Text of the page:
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questions as “Is it possible to set up an untraceable shell company? If so, how difficult is it, and how much does it cost?” No study of laws on the books, amounts spent on risk management software, or hours spent in AML training seminars can provide similar insight into actual policy effectiveness in this realm. The results are systematic and robust, rather than only anecdotal. Experimental data do not limit the universe of cases to those that have been investigated and publicised, which are by definition unrepresentative and atypical and thus unsuitable for impact assessment. Field experiments allow for the testing of particular propositions, in this case whether corporate service providers screen customers for corruption risk. Such experiments can provide comparative data on the relative performance of different countries and different categories of countries. Finally, experimental data are superior to standard observational, statistical data in revealing causation, as the random assignment in experiments “washes out” all the potentially confounding factors.4 Often statistical analysis is based on highly unrealistic simplifying assumptions, whereas field experiments are much more true to life and thus superior for informing policy. These and other strengths of field experiments for development policy analysis have been extensively discussed by a number of scholars (e.g., Harrison and List 2004; Humphreys and Weinstein 2009). How practical are field experiments for use by development agencies, or organisations such as NGOs that often partner with development agencies? The experimental results reported above are part of a larger project that would take one person working full time perhaps four months to replicate. The capital costs are very low, amounting to only a reliable Internet connection and a couple of computers to first conduct the searches for service providers, and then send and receive the e-mails. There is a small amount of skilled labour in designing the e-mail treatments, the manual for coding responses, and whatever statistical analysis is desired for the results. Most of the work, however, is simply a matter of sending out preassigned e-mails and recording the responses, which does not require any specialised skills or more than one day’s training. It is also worth noting that the kind of audit and field experiment studies described above could quite easily be adapted to study the compliance of a wide range of other financial and nonfinancial businesses with AML rules in a similar fashion. These might include banks, law firms, casinos, alternative remittance businesses, and real estate agents. In sum, although they are more costly in time and money than audit studies, field experiments are still very cheap, especially relative to the quality of the information they provide. They are not only well within the reach of Western development agencies with programmes on AML and anti-corruption, but are also feasible for moderately well-resourced NGO partner organisations in developing countries, given that the primary cost is the labour involved.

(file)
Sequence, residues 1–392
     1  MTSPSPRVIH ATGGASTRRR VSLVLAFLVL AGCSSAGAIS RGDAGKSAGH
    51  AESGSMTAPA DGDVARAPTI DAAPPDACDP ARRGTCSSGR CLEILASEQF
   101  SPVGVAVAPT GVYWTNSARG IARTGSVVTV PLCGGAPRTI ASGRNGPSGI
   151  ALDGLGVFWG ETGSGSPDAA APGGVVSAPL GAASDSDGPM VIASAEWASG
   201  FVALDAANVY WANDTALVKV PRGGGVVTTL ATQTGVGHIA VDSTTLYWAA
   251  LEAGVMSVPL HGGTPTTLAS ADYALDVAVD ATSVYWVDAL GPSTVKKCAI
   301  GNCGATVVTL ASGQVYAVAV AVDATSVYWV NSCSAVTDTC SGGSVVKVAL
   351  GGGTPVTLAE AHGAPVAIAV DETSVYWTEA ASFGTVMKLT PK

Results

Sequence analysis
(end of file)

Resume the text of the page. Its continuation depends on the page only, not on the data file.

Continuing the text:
4